July 13, 2024
Dutch startup to test hearing via brain-computer interface

MindAffect, a Netherlands-based healthtech startup, has raised €1.1mn to bring its hearing diagnostics technology to market.

A spinout from Radboud University, MindAffect has developed a patented brain computer interface (BCI) technology, which enables diagnosis of hearing impairments using brain signals.

The startup aims to provide a more equitable testing solution that specifically caters for hard-to-test patients, such as children, the elderly, and people with disabilities.

Current methods, such as pure-tone or speech testing, depend on the constant responses of patients. But this can be challenging or ineffective for individuals who are unable to communicate due to age or disability — resulting in underdiagnosis.

Unaddressed hearing impairments can have serious consequences for both patients and the society, from mental health issues to high healthcare costs

“Hearing loss profoundly impacts every facet of life,” MindAffect’s CEO Jennifer Goodall said in a statement.

“For children, this means risks of poor educational and social development; for the elderly, increased isolation and a greater risk of early dementia; and the disabled, fewer opportunities for social inclusion.”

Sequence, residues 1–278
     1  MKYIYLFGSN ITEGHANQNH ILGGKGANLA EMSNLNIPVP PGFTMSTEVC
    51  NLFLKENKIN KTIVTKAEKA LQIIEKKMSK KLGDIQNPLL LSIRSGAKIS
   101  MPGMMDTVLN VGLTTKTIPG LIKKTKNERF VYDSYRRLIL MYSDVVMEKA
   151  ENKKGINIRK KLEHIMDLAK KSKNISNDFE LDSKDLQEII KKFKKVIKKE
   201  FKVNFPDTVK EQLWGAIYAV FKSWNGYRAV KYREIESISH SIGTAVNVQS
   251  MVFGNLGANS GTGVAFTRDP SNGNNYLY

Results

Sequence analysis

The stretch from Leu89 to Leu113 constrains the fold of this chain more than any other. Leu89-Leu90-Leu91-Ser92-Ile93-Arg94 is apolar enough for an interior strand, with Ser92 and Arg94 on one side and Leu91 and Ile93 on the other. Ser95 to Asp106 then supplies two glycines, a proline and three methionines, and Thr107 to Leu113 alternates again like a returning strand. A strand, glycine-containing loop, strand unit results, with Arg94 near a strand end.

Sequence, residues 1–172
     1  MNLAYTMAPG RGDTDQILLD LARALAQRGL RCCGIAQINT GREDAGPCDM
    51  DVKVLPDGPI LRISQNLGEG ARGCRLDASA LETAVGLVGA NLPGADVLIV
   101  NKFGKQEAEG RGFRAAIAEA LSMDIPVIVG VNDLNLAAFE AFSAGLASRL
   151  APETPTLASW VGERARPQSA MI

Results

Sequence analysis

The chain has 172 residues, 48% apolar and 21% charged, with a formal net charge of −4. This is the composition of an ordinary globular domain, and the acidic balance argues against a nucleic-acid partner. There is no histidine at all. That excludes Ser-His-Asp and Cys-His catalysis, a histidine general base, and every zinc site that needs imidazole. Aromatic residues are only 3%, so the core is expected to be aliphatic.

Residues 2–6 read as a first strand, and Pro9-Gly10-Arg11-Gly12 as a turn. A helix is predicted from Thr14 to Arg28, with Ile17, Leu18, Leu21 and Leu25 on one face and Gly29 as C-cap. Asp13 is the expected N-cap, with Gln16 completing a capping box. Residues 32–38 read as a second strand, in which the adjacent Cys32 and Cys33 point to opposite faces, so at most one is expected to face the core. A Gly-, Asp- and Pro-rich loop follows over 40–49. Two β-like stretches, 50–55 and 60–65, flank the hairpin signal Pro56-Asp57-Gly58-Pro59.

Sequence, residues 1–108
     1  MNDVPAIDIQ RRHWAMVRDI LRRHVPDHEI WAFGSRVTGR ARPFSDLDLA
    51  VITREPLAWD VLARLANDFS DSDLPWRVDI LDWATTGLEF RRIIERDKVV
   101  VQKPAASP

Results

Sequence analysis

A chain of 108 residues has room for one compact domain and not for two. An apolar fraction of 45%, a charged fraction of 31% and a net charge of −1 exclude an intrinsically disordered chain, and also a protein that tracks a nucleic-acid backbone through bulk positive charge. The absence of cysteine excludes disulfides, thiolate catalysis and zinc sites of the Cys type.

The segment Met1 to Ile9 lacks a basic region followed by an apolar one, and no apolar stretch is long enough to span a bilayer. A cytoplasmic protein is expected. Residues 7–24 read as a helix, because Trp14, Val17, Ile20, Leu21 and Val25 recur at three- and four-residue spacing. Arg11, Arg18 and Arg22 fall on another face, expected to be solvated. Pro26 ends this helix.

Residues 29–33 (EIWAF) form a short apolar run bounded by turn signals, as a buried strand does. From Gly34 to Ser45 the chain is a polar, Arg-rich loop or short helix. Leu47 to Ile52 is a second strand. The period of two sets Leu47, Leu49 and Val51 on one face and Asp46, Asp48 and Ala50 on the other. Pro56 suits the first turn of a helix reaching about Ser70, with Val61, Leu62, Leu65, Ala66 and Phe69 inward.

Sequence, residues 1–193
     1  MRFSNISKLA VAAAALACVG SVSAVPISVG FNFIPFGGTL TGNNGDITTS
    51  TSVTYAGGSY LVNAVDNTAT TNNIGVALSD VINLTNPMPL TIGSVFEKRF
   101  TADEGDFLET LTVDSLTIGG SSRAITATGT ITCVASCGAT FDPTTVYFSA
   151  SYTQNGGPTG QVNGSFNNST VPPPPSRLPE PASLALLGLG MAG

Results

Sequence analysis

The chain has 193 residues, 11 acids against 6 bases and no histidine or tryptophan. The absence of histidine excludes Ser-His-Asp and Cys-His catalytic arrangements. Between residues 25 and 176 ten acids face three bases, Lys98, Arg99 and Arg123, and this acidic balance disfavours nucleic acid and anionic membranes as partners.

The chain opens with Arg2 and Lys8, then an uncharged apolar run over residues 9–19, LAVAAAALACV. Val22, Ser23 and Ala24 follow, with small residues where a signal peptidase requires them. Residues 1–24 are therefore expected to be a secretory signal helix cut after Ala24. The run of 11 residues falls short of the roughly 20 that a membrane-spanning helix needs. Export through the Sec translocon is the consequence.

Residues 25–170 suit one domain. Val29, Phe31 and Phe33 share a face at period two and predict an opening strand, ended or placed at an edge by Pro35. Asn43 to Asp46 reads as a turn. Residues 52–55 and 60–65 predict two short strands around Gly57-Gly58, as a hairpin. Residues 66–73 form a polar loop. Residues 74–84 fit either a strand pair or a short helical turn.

A new hearing diagnostics system

To tackle this issue, MindAffect has combined neuroscience, BCI technology, and AI to develop Aurora, a response-free hearing diagnostics system, which relies on brain stimuli and signals.

Aurora uses a headband that patients wear while listening to soft chirps and watching a silent video for less than 10 minutes. The system reads the brain signals and combines the information with air conduction and bone conduction audiometric threshold tests to make the diagnosis.

MindAffect expects to launch Aurora next year. The company is also working on vision diagnostics for children as well as a solution to monitor work-related stress in demanding visual or auditory environments.

Existing and new investors backed the funding round, including the NLC Health Impact Fund, Barco Limpo, and Wasteland Investments.

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